(This article belongs to the Special Issue Thermal and Safety Properties of Materials, Cells and Batteries)
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Open AccessArticle
Thermal Characteristics of Conversion-Type FeOF Cathode in Li-ion Batteries
Batteries 2017, 3(4), 33; https://doi.org/10.3390/batteries3040033 - 23 Oct 2017
Cited by 2
Abstract
Rutile FeOF was used as a conversion-type cathode material for Li-ion batteries. In the present study, 0.6Li, 1.4Li, and 2.7Li per mole lithiation reactions were carried out by changing the electrochemical discharge reaction depth. The thermal characteristics of the FeOF cathode were investigated [...] Read more.
Rutile FeOF was used as a conversion-type cathode material for Li-ion batteries. In the present study, 0.6Li, 1.4Li, and 2.7Li per mole lithiation reactions were carried out by changing the electrochemical discharge reaction depth. The thermal characteristics of the FeOF cathode were investigated by thermogravimetric mass spectrometric (TG-MS) and differential scanning calorimeter (DSC) systems. No remarkable HF release was detected, even up to 700 °C, which indicated a low toxic risk for the FeOF cathode. Changes in the thermal properties of the FeOF cathode via different conversion reaction depths in the associated electrolyte were studied by changing the cathode/electrolyte ratio in the mixture. LiFeOF was found to exothermically react with the electrolyte at about 210 °C. Similar exothermic reactions were found with charged FeOF cathodes because of the irreversible Li ions. Among the products of the conversion reaction of FeOF, Li2O was found to exothermically react with the electrolyte at about 120 °C, which induced the main thermal risk of the FeOF cathode. It suggests that the oxygen-containing conversion-type cathodes have a higher thermal risk than the oxygen-free ones, but controlling the cathode/electrolyte ratio in cells successfully reduced the thermal risk. Finally, the thermal stability of the FeOF cathode was evaluated in comparison with FeF3 and LiFePO4 cathodes. Full article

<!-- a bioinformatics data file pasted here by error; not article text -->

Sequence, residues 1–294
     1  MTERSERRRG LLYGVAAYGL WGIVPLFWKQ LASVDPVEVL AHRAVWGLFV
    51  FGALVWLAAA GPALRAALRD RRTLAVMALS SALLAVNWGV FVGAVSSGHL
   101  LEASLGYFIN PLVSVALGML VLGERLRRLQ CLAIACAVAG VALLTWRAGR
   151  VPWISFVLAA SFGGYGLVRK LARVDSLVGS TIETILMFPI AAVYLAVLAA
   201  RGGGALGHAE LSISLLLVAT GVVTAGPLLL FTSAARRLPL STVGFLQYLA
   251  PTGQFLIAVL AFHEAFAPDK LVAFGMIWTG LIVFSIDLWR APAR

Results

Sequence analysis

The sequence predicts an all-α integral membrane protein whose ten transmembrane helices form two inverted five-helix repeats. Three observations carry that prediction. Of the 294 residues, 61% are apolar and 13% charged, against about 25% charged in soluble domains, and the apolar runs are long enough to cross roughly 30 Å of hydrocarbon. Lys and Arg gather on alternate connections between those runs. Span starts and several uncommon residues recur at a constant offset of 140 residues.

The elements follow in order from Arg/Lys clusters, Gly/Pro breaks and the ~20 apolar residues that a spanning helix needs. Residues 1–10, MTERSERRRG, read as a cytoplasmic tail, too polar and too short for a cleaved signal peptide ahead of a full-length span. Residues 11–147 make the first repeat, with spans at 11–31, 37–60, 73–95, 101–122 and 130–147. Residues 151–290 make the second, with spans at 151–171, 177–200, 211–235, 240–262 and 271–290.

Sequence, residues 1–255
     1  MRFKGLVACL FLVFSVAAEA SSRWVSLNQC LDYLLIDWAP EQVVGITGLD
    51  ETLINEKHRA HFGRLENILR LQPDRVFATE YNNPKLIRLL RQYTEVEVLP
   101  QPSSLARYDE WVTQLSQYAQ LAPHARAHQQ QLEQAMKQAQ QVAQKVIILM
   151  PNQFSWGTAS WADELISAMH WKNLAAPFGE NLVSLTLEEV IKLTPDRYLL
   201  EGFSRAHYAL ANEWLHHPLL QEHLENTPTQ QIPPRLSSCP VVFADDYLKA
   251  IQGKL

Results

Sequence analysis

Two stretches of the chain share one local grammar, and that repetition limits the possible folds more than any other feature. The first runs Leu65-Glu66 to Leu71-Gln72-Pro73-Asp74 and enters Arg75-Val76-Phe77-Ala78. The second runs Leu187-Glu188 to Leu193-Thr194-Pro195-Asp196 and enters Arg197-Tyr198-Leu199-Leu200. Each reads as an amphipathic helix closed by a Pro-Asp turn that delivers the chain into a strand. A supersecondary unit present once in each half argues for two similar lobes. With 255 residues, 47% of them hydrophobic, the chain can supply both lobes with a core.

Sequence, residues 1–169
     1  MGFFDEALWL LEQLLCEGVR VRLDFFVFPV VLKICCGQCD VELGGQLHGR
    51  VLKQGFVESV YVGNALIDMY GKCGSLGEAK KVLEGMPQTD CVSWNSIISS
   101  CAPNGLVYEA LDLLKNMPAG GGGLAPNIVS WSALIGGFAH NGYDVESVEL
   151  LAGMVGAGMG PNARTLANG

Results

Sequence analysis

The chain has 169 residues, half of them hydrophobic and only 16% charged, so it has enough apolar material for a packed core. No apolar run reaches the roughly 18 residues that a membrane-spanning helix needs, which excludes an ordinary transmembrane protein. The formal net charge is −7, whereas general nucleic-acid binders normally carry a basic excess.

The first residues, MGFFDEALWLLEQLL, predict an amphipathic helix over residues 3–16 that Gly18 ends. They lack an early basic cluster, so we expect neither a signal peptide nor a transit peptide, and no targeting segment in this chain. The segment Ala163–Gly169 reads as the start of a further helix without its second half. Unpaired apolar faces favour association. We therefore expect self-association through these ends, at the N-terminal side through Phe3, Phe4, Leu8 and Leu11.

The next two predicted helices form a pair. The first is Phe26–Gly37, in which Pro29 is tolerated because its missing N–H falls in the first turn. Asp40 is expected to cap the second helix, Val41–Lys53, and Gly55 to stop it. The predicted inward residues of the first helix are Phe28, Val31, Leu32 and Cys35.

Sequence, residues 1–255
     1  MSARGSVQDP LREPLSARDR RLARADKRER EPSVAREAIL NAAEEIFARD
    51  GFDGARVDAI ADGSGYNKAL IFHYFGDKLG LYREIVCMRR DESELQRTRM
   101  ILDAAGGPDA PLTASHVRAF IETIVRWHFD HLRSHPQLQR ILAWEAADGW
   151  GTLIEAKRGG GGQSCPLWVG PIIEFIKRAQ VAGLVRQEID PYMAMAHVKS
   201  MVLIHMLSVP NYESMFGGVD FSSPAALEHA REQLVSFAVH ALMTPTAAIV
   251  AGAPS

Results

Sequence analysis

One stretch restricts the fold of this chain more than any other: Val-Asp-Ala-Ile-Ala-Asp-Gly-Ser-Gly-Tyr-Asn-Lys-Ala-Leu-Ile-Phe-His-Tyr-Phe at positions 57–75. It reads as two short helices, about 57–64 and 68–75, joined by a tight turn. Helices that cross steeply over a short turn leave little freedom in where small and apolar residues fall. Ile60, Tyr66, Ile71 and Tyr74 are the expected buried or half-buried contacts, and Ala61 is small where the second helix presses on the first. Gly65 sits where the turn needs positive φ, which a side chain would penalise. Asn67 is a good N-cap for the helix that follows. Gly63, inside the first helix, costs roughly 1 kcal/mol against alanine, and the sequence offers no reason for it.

(This article belongs to the Special Issue Thermal and Safety Properties of Materials, Cells and Batteries)
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Open AccessFeature PaperArticle
Experimental Analysis of Thermal Runaway in 18650 Cylindrical Li-Ion Cells Using an Accelerating Rate Calorimeter
Batteries 2017, 3(2), 14; https://doi.org/10.3390/batteries3020014 - 12 Apr 2017
Cited by 22
Abstract
In this work, commercial 18650 lithium-ion cells with LiMn2O4, LiFePO4, and Li(Ni0.33Mn0.33Co0.33)O2 cathodes were exposed to external heating in an accelerating rate calorimeter (es-ARC, Thermal Hazard Technology (THT), Bletchley, UK), [...] Read more.
In this work, commercial 18650 lithium-ion cells with LiMn2O4, LiFePO4, and Li(Ni0.33Mn0.33Co0.33)O2 cathodes were exposed to external heating in an accelerating rate calorimeter (es-ARC, Thermal Hazard Technology (THT), Bletchley, UK), to investigate the thermal behavior under abuse conditions. New procedures for measuring the external and internal pressure change of cells were developed. The external pressure was measured utilizing a gas-tight cylinder inside the calorimeter chamber, in order to detect the venting of the cells. For internal pressure measurements, a pressure line connected to a pressure transducer was directly inserted into the cell. During the thermal runaway experiments, three stages (low rate, medium rate, and high rate reactions) were observed. Both the pressure and temperature change indicated different stages of exothermic reactions, which produced gases or/and heat. The onset temperature of the thermal runaway was estimated according to the temperature and pressure changes. Moreover, the different activation energies for the exothermic reactions could be derived from Arrhenius plots. Full article
(This article belongs to the Special Issue Thermal and Safety Properties of Materials, Cells and Batteries)
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Open AccessArticle